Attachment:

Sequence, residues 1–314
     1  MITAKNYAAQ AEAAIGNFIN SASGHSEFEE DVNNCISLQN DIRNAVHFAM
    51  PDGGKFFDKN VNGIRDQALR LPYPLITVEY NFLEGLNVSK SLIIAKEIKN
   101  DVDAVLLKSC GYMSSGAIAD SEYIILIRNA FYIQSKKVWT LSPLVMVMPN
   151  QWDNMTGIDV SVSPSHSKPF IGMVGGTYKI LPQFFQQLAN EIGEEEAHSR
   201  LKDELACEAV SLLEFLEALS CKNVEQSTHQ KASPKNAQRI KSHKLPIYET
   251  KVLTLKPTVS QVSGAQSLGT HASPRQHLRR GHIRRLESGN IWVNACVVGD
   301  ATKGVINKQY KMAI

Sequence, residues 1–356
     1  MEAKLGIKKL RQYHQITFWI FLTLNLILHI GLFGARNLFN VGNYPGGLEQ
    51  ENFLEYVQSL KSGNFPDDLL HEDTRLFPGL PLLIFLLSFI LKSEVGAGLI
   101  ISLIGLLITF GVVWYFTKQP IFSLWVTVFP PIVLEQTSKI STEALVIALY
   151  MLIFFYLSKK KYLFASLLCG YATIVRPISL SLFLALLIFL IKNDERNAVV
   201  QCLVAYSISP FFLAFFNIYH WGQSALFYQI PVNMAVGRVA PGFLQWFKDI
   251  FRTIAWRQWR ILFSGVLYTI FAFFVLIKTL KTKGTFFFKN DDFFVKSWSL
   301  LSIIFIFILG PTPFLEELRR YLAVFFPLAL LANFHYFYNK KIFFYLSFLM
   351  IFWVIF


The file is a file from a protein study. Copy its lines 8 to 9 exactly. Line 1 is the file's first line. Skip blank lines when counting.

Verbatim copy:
   301  ATKGVINKQY KMAI

Sequence, residues 1–356